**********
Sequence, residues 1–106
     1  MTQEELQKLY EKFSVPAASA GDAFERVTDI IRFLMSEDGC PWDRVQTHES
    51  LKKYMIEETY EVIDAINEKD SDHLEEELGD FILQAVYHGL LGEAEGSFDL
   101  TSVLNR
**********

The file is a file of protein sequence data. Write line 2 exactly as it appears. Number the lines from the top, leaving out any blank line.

     1  MTQEELQKLY EKFSVPAASA GDAFERVTDI IRFLMSEDGC PWDRVQTHES